sleep tiny zoo animal
dirt lingers on cold concrete
red meat decays in an ugly cup
explore shadow and steel
watch eyes and hands and smiles
moonlight whispers a dream
the sweet dark forest remembers you
That two-tongued vixen
Soon may speak like a velvet cup
Her cat belly aches deeply
With each lingering mouse stare
And with every tiny bird-roasted yawn
Perhaps she almost said it…
Please listen softly to her voice
Pierce your TV time cloud
Love mush life and pant thy pig dance
Soon it shall all boil away
in a blush of flickering star dust.
Above the color proofing station, at a printing plant in the wilds of Tennessee was a very unique insect collection. A self-appointed curator had haphazardly attached specimens (and various broken bits of specimens), with clear plastic tape to a beige metal panel. This same individual had later taken a grease pencil and scribbled “Zogo’s Pest Control” just to the right of this ragged display. There was a yellow tiger swallowtail, a cecropia moth, two luna moths, a tulip tree moth, a giant sphinx moth, an imperial moth with a big blood stain, a roach, several preying mantis, some crickets, and a large clearwing labeled “import from Vietnam.” The other insects had hastily scribbled labels: F11, F-23, patriot, stealth bomber, scud, etc.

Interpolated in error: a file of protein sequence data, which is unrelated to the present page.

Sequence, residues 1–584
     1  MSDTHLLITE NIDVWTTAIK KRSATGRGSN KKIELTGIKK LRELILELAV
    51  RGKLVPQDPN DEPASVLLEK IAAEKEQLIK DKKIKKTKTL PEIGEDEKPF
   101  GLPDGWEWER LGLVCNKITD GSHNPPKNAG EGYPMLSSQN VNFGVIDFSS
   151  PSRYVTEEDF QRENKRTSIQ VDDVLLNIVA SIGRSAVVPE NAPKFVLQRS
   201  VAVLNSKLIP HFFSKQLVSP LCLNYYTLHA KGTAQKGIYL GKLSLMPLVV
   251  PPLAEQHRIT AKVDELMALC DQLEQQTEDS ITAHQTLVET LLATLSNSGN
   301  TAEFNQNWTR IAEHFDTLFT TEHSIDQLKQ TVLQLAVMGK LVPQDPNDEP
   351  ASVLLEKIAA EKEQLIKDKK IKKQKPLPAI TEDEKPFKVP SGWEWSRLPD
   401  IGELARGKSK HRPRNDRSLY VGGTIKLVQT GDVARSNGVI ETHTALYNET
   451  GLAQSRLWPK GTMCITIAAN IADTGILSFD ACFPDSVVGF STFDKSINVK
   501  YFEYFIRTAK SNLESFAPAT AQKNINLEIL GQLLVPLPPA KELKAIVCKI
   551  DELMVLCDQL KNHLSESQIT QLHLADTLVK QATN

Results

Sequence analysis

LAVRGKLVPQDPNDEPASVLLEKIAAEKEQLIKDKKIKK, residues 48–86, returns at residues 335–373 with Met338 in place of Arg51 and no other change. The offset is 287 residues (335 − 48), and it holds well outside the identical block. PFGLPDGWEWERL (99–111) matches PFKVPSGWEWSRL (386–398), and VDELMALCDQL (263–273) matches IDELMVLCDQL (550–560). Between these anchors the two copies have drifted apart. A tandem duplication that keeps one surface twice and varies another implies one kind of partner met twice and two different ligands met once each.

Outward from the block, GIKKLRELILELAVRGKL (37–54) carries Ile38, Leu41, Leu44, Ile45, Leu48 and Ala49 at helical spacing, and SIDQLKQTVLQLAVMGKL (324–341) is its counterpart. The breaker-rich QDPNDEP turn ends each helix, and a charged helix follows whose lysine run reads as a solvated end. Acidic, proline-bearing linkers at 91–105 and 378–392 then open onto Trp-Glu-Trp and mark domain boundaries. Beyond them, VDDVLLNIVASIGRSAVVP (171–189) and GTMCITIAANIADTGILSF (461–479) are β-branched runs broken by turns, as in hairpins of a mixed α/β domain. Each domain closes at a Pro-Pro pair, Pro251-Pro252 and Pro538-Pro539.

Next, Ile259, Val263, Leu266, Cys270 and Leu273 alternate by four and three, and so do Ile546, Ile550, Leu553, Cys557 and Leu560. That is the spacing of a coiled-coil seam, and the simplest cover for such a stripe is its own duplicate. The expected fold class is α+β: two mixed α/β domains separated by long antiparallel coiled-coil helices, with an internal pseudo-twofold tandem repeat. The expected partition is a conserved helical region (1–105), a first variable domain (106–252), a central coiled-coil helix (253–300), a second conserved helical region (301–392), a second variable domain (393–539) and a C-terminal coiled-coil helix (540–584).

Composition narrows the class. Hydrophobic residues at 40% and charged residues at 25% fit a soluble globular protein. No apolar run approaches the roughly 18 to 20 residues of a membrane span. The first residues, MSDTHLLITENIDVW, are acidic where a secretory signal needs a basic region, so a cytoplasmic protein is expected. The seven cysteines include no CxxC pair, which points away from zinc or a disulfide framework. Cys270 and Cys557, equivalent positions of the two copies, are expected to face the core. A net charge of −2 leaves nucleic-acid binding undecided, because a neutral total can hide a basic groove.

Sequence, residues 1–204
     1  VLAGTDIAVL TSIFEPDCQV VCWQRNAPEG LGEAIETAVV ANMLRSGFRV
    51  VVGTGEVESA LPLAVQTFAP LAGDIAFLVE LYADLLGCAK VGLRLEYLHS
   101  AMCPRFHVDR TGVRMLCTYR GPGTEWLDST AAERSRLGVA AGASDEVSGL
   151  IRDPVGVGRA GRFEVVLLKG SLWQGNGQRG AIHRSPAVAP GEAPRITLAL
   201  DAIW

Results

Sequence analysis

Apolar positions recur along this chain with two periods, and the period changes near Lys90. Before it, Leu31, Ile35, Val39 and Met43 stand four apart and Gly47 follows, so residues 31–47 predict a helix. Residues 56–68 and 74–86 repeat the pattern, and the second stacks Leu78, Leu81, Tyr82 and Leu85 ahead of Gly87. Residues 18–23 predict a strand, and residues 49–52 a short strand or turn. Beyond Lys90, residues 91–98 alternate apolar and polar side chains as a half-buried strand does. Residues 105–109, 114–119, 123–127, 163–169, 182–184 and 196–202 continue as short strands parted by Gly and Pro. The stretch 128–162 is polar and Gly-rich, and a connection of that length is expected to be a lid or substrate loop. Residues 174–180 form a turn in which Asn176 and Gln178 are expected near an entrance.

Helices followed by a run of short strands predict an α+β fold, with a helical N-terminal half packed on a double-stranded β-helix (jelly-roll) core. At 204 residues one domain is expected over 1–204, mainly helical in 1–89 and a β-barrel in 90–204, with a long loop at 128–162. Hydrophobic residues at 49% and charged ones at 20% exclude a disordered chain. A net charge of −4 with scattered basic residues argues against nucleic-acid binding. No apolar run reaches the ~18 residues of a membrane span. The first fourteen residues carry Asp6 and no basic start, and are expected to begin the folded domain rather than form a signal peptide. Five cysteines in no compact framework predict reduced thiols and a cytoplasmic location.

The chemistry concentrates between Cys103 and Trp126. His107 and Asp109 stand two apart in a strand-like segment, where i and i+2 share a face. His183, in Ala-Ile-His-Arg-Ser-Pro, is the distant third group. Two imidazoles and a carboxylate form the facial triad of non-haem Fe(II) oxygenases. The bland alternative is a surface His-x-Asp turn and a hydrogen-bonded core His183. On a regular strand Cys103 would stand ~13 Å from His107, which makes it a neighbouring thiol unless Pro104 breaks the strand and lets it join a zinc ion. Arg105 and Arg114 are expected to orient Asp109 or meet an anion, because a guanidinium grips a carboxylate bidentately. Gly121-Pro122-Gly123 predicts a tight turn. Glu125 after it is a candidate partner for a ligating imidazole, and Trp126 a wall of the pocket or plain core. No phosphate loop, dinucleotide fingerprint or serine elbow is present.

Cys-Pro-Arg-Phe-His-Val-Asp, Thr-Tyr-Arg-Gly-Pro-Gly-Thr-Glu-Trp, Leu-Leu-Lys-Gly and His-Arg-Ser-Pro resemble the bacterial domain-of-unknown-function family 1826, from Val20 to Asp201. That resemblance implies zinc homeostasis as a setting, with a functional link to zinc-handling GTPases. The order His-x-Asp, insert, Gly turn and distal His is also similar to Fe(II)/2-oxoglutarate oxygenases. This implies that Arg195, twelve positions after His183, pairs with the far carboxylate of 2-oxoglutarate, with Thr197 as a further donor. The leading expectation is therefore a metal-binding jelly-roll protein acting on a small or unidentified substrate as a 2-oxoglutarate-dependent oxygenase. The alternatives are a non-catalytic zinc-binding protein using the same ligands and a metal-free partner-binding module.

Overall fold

These insects had had the misfortune of flying towards the plant’s bright florescent lights, and making their way into the intricacies of the giant web presses. The foreman informed me that a large moth, when flattened on the blanket, leaves a football-sized mess. Zogo’s insects were the lucky ones that were captured before they could be turned into flattened bug cartoons.
During the course of this summer, Zogo’s collection was doomed to grow ever bigger. All of the printing plant’s windows were wide open and not one of them had a screen.